This day in history

Today is Friday, Aug. 14, the 227th day of 2020. There are 139 days left in the year.

Birthdays: Broadway lyricist Lee Adams (“Bye Bye Birdie”) is 96. College Football Hall of Fame quarterback John Brodie is 85. Singer Dash Crofts is 82. Rock singer David Crosby is 79. Comedian-actor Steve Martin is 75. Movie director Wim Wenders is 75. Actor Susan Saint James is 74. Author Danielle Steel is 73. “Far Side” cartoonist Gary Larson is 70. Olympic gold medal swimmer Debbie Meyer is 68. Actor Marcia Gay Harden is 61. Basketball Hall of Famer Earvin “Magic” Johnson is 61. Singer Sarah Brightman is 60. Actor Susan Olsen (Cindy Brady of “The Brady Bunch”) is 59. Actor Halle Berry is 54. Actor Scott Michael Campbell is 49. Actor Christopher Gorham is 46. Actor Mila Kunis is 37. NFL quarterback-turned-baseball player Tim Tebow is 33. Actor Marsai Martin is 16.


In 1621, Myles Standish and a handful of Plymouth colonists embarked on a rescue mission to save Squanto, a critical Indigenous liaison to the colonists, after he was taken prisoner by a local tribe. The colonists find Squanto unharmed and bring him back to Plymouth.

In 1900, international forces, including US Marines, entered Beijing to put down the Boxer Rebellion, which was aimed at purging China of foreign influence.

In 1935, President Franklin D. Roosevelt signed the Social Security Act into law.

In 1941, President Franklin D. Roosevelt and British Prime Minister Winston Churchill issued the Atlantic Charter, a statement of principles that renounced aggression.

In 1945, President Harry S. Truman announced that Imperial Japan had surrendered unconditionally, ending World War II.

In 1948, the Summer Olympics in London ended; they were the first Olympic games held since 1936.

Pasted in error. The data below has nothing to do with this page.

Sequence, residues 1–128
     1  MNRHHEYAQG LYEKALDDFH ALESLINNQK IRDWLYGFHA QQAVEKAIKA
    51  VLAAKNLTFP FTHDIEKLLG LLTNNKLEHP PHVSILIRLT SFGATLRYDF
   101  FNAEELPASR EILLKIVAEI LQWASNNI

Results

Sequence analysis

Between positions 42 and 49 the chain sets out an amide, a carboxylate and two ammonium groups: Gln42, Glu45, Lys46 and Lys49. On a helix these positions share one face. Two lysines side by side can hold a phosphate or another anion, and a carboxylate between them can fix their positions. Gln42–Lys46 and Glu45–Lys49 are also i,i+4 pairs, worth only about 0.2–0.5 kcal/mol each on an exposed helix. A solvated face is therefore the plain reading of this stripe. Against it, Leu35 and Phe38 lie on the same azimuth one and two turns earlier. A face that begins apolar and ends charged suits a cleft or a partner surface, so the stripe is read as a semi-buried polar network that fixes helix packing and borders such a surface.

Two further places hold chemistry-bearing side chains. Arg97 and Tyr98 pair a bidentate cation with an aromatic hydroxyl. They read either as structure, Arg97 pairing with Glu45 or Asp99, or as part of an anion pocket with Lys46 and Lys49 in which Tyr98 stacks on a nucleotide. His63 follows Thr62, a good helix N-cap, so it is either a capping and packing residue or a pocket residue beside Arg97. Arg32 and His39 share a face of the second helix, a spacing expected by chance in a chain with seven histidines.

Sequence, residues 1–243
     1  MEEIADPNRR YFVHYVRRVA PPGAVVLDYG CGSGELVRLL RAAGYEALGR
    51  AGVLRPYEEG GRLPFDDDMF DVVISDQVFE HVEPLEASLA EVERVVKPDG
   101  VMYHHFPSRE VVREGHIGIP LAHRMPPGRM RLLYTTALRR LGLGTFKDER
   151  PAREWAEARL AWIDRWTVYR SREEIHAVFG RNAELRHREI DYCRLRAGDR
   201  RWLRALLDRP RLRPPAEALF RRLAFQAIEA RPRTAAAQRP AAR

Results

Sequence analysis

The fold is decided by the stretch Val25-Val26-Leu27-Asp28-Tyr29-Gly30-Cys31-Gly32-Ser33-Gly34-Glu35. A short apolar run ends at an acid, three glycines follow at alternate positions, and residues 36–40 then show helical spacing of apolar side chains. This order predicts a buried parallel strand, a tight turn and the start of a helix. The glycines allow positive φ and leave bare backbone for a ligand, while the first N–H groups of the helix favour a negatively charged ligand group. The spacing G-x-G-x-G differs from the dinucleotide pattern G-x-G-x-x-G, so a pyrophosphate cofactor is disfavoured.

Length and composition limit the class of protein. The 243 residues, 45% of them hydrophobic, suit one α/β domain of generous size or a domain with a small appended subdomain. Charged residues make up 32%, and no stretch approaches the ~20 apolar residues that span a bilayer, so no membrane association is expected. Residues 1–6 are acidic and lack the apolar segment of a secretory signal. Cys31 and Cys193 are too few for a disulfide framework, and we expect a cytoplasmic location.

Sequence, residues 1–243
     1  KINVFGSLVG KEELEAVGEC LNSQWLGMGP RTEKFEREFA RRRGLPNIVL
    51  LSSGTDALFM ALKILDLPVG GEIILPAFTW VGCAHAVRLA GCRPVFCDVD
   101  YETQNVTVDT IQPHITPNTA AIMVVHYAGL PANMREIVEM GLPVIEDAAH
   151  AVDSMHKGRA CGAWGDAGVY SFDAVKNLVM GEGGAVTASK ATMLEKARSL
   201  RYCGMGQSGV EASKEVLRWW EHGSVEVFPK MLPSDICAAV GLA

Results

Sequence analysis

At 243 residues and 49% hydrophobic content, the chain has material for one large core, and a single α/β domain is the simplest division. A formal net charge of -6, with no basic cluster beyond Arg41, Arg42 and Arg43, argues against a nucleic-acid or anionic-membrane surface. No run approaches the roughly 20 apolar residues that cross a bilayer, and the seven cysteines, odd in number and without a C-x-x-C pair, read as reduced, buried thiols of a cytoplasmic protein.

In 1973, US bombing of Cambodia came to a halt.

In 1980, workers went on strike at the Lenin Shipyard in Gdansk, Poland, in a job action that resulted in creation of the Solidarity labor movement.


In 1992, the White House announced that the Pentagon would begin emergency airlifts of food to Somalia to alleviate mass deaths by starvation.

In 1997, an unrepentant Timothy McVeigh was formally sentenced to death for the Oklahoma City bombing. (McVeigh was executed by lethal injection in 2001.)

In 2008, President George W. Bush signed legislation that banned lead from children’s toys, imposing the toughest standard in the world.

In 2009, Charles Manson follower Lynette “Squeaky” Fromme, 60, convicted of trying to assassinate President Gerald Ford in 1975, was released from a Texas prison hospital after more than three decades behind bars.

In 2015, the Stars and Stripes rose over the newly reopened US Embassy in Cuba after a half century of often-hostile relations; US Secretary of State John Kerry celebrated the day, but also made an extraordinary, nationally broadcast call for democratic change on the island.

In 2018, a highway bridge collapsed in the Italian city of Genoa during a storm, sending vehicles plunging nearly 150 feet and killing 43 people.

Last year, thousands of people packed a baseball stadium in El Paso, Texas, to mourn the 22 victims of a shooting at a Walmart by a man who told police that he was targeting Mexicans.